Tuesday, August 31, 2004

Everything You Always Wanted to Know about Ocracoke....

......but didn't know who to ask!

For a limited time I am offering to answer (if I can, or am willing!) your questions about the island. Surely, you've had questions but didn't know where to go to get answers. History, people, wildlife, politics, geology........ I won't always know the answers, of course, but I'll try to find out for you if I don't know.

Just post a comment with your question and I'll answer them in the order I receive them. If I get too many questions I'll just call a halt to it.

Looking forward to hearing from you.

Monday, August 30, 2004

A Very Practical Note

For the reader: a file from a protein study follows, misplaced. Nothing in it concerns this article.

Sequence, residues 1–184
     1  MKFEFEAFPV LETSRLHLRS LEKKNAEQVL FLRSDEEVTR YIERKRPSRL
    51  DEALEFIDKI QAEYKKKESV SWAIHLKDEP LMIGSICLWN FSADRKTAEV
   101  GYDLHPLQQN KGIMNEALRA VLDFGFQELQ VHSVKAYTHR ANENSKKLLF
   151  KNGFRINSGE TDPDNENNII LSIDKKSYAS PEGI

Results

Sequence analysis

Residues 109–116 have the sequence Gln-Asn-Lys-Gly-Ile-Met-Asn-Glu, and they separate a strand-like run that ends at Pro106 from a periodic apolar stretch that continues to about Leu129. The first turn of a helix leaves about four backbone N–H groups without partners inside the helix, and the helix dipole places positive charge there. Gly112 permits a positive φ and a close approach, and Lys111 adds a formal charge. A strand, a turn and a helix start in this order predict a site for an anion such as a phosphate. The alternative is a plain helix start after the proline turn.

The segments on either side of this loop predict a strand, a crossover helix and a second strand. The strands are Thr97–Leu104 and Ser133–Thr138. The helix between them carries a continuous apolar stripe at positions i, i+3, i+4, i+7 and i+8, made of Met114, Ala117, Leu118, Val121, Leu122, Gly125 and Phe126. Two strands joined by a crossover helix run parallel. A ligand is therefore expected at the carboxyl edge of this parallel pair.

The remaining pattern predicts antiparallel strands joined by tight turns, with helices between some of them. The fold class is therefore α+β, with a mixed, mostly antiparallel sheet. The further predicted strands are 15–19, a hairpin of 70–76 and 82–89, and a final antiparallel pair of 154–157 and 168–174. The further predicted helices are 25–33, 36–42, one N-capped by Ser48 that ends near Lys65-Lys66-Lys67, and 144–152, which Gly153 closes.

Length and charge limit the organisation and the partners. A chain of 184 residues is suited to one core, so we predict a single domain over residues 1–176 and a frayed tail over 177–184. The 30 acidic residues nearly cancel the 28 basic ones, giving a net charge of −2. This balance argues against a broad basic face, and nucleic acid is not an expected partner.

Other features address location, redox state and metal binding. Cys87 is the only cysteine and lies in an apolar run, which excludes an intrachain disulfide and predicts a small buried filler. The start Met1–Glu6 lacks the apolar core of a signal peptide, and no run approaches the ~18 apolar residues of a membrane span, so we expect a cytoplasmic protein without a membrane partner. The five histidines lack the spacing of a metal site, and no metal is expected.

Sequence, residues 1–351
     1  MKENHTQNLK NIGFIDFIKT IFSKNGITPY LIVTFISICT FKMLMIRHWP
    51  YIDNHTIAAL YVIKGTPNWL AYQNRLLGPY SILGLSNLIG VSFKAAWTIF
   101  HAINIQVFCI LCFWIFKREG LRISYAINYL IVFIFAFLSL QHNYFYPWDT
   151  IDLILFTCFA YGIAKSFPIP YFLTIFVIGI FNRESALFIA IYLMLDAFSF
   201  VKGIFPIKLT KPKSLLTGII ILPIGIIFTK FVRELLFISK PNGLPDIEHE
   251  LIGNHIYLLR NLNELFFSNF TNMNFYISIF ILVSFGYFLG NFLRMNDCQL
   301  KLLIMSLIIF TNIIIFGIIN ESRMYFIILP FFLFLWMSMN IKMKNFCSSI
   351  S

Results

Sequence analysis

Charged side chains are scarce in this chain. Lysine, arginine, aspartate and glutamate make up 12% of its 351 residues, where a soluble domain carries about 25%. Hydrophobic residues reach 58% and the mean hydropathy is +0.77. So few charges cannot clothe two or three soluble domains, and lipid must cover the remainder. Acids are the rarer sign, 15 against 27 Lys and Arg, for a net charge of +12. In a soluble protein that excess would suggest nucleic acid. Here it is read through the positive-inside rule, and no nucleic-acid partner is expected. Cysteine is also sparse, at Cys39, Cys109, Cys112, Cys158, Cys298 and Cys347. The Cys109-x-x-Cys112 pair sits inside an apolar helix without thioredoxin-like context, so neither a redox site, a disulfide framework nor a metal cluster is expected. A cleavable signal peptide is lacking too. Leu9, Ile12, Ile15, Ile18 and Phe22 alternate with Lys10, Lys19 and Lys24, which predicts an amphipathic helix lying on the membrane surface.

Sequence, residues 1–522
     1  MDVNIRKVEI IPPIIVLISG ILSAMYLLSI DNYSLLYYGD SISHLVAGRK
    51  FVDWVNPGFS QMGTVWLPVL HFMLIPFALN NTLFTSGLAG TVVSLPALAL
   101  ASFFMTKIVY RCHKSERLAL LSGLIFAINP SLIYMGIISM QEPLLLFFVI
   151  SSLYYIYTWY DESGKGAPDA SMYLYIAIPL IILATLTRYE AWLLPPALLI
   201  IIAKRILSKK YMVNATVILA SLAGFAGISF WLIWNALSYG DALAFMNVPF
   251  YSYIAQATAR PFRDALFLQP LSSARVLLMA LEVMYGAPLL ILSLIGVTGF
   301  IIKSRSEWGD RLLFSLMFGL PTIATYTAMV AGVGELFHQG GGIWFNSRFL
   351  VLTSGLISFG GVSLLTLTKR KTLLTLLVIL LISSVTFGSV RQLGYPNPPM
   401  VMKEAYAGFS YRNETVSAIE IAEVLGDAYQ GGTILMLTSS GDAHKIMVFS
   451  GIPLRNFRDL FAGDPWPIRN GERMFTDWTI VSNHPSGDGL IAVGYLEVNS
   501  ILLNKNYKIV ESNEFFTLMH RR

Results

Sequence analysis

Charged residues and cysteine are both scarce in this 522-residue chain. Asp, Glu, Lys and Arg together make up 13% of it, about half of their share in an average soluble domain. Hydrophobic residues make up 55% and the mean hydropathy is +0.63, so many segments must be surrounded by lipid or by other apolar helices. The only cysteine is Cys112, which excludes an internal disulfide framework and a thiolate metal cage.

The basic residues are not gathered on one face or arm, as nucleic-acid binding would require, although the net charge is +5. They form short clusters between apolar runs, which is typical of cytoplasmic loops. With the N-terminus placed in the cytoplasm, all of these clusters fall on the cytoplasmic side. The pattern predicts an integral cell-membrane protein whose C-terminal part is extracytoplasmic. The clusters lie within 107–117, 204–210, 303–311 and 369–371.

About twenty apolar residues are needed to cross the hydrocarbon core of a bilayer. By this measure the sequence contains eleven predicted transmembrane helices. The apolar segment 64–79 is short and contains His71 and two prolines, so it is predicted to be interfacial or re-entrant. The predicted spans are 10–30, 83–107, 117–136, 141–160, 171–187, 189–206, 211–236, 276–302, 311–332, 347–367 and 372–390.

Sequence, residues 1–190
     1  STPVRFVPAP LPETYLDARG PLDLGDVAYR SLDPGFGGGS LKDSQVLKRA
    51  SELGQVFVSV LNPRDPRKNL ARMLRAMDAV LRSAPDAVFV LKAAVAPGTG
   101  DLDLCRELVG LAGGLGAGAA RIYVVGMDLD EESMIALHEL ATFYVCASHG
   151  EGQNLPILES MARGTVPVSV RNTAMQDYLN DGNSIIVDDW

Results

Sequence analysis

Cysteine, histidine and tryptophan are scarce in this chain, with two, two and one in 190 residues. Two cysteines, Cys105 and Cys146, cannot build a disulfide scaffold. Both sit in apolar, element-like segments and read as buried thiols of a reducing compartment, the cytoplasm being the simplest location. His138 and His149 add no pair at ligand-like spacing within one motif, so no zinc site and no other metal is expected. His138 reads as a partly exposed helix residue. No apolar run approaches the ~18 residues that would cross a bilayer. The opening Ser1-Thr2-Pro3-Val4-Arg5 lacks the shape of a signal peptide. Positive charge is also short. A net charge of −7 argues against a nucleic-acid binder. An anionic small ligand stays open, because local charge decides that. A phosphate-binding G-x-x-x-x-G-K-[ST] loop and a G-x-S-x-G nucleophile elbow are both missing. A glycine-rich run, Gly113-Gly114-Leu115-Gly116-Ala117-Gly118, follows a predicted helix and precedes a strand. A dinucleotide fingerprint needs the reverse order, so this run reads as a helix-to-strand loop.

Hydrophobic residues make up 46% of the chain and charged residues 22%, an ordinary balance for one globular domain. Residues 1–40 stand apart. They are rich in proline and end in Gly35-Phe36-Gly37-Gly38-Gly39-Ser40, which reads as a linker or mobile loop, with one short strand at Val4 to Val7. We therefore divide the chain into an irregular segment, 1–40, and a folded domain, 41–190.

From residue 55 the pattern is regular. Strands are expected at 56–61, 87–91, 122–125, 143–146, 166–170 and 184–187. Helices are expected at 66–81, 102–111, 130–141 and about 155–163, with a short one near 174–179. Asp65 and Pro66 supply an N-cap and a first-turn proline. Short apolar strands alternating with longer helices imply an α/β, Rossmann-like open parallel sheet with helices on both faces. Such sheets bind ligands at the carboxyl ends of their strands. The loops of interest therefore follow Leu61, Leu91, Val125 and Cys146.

If you've sent us an email message in the last few days and are expecting a reply, please have patience. Our web site server (through whom we get our messages) has had technical difficulties and our messages have been cached.. We have not received any mail except internet orders (those we can access through a secure web site hosted by our shopping cart provider). Tech support assures us that all messages will be delivered soon.

Ocracoke has been breezy today, but there's been no rain since early morning. It is too windy to enjoy the beach, however, so I took my daily walk in the village with my daughter Amy and grandson Lachlan. Everyone agrees he is a cutie. Amy, David, and Lachlan are doing just great. And so is Opa.

Sunday, August 29, 2004

Random Island News

Schools are mostly back in session now and the island is getting quieter. This afternoon I found a stretch of beach and didn't see a soul for the entire time I was there. I walked and swam and lay in the sun. The clouds were massive and as white as newly fallen snow. It was heaven!

No word yet about the search for the Civil War era submarine, Alligator. I believe the Navy research ship leaves soon. But we'll let you know if we hear any exciting news.